‘Fake News’ in America: Homegrown, and Far From New
Michael Herr, who covered the Vietnam War for Esquire magazine, observed that the images of the war presented in photographs and on television, unlike the printed word, obscured the brutality of the conflict. “Television and news were always said to have ended the war,” Herr said. “I thought the opposite. These images were always seen in another context—sandwiched in between commercials, so that they became a blancmange in the public mind. I think if anything, the blancmange coverage prolonged the war.”
A populace divorced from print and bombarded by discordant and random images is robbed of the vocabulary as well as the historical and cultural context to articulate reality. Illusion is truth. A whirlwind of emotionally driven cant feeds our historical amnesia.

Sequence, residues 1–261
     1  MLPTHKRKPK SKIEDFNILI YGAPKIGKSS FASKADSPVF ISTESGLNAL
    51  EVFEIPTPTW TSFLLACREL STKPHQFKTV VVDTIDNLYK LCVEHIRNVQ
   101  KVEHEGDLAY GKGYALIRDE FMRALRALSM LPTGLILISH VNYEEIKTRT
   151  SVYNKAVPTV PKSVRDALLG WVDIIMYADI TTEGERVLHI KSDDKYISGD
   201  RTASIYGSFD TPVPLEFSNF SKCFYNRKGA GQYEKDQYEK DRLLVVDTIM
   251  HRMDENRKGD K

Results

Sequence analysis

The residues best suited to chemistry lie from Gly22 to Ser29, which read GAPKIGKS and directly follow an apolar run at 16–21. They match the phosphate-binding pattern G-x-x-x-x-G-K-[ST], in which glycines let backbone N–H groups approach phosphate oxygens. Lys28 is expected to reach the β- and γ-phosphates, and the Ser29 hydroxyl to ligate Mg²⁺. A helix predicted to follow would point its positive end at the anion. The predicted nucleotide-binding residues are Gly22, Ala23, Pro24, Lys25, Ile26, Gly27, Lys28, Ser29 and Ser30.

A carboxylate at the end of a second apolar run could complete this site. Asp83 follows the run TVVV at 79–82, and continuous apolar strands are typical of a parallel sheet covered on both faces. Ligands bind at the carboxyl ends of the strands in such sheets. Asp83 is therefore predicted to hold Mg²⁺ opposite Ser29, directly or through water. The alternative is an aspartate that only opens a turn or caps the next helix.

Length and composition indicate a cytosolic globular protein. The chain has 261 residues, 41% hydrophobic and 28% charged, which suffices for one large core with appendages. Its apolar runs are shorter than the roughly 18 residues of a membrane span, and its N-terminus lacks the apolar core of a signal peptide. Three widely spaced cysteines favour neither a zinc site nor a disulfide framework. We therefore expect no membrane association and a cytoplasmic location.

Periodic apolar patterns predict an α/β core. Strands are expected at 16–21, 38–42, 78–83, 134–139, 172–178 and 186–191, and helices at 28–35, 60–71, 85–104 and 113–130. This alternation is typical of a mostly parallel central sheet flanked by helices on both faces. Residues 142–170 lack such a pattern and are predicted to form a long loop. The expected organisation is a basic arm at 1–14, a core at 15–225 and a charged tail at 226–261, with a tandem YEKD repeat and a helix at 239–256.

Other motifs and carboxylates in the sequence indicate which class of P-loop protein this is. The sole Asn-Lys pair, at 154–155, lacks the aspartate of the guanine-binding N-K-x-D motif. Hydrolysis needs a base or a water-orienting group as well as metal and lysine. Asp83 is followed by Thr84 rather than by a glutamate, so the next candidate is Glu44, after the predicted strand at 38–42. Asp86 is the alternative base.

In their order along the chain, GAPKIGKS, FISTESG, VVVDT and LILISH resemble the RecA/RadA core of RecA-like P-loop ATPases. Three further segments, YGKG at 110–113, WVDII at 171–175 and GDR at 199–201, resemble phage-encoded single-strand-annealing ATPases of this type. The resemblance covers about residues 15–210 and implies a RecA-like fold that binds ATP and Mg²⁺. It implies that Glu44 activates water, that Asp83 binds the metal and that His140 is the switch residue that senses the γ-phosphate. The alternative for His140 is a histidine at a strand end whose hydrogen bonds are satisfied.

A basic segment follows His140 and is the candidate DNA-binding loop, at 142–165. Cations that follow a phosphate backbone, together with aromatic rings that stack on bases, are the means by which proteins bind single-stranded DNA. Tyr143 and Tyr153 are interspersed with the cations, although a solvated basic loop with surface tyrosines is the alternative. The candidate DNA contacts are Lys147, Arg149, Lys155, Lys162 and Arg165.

The internet has accelerated this process. It, along with cable news shows, has divided the country into antagonistic clans. Members of a clan watch the same images and listen to the same narratives, creating a collective “reality.” Fake news abounds in these virtual slums. Dialogue is shut down. Hatred of opposing clans fosters a herd mentality. Those who express empathy for “the enemy” are denounced by their fellow travelers for their supposed impurity. This is as true on the left as it is on the right. These clans and herds, fed a steady diet of emotionally driven fake news, gave rise to Trump.
Trump is adept at communicating through image, sound bites and spectacle. Fake news, which already dominates print and television reporting, will define the media under his administration. Those who call out the mendacity of fake news will be vilified and banished. The corporate state created this monstrous propaganda machine and bequeathed it to Trump. He will use it.